Accessibility

Calif.'s OCTA completes sales tax program, touts benefits

Posted on March 29, 2011

California-based Orange County Transportation Authority (OCTA) brings to a close the Measure M program this week. During the past two decades, the program has paved the way for more than $4 billion in transportation improvements.

Collection of the half-cent sales tax officially stops on March 31, ending a program approved by voters in 1990.

“Measure M has transformed the way in which our residents and visitors travel throughout this county,” said OCTA Chair Patricia Bates. “The program has improved each one of our freeways, hundreds of miles of city streets and our transit system and, more importantly, it has significantly benefitted our quality of life.”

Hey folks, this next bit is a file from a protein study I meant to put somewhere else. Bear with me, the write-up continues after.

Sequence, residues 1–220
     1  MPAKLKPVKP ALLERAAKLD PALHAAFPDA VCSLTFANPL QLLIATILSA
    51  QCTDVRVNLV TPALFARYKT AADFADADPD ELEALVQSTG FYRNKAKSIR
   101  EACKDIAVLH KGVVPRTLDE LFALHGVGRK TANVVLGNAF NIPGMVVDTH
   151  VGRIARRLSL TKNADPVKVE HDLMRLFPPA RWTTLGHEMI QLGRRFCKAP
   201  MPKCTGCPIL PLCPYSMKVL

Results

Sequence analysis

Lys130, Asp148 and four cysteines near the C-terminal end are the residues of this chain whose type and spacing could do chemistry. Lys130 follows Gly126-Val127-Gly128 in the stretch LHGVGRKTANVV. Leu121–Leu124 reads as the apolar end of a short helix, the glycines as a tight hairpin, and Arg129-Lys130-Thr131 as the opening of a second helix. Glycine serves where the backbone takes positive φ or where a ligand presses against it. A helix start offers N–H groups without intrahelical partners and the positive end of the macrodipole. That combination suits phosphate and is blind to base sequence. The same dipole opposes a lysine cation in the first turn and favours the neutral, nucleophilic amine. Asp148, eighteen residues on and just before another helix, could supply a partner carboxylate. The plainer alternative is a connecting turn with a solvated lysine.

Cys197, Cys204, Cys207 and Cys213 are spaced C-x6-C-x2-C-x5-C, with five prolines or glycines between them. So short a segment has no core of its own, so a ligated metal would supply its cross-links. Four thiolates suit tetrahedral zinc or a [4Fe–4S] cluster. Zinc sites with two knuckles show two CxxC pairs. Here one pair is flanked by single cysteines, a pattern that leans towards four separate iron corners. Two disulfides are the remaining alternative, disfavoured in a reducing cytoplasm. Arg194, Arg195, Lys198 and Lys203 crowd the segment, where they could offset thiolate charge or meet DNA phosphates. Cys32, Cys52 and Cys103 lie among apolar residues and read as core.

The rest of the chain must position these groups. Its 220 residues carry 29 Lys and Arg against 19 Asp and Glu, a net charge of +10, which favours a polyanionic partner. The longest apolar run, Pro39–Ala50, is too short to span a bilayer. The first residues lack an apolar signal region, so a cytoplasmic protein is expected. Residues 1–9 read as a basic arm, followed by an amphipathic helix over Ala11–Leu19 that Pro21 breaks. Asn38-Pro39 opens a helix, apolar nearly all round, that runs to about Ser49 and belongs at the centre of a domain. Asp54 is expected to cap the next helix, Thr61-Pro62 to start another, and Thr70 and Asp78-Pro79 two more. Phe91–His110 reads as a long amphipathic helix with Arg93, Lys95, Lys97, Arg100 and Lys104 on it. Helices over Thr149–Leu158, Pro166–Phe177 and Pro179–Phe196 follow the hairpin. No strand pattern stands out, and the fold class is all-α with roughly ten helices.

Measure M improvements have been split into three general categories, with 43 percent funding freeway projects, 32 percent funding streets and roads projects, and 25 percent funding transit improvements:

•    $1.75 billion to upgrade to every Orange County freeway

•    $1.3 billion for city street and road projects

•    $1 billion for Metrolink service and senior and disabled bus fare stabilization

The accomplishments of Measure M include:

•    Adding 192 freeway lane miles

•    Improving 170 intersection and 38 freeway interchanges

•    Providing $600 million to local agencies for improvements

•    Implementing Metrolink service in Orange County

The voters of Orange County again decided to entrust OCTA with their tax dollars by renewing Measure M in 2006. On April 1, the first half-cent of what is estimated to be $15 billion over the next 30 years will be collected for Measure M2.

“The success of Measure M is a shining example of what can be accomplished when government agencies, residents and the business community work together to achieve a common goal,” said OCTA CEO Will Kempton. “We look forward to once again delivering on our promises to voters through Measure M2.”

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